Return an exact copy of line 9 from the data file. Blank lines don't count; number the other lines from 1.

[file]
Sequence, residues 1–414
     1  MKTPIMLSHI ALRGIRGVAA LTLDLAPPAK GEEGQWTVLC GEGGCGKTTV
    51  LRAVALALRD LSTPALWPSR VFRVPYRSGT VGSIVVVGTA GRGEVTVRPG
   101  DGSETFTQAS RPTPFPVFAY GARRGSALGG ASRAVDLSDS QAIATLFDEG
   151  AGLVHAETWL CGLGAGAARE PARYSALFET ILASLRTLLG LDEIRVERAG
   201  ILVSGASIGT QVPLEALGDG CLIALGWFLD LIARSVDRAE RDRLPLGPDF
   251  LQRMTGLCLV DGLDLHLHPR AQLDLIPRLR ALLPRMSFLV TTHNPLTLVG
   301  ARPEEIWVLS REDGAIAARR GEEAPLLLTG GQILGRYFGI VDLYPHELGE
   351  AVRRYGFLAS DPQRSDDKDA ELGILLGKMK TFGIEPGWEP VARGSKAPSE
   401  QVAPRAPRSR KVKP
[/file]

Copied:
   351  AVRRYGFLAS DPQRSDDKDA ELGILLGKMK TFGIEPGWEP VARGSKAPSE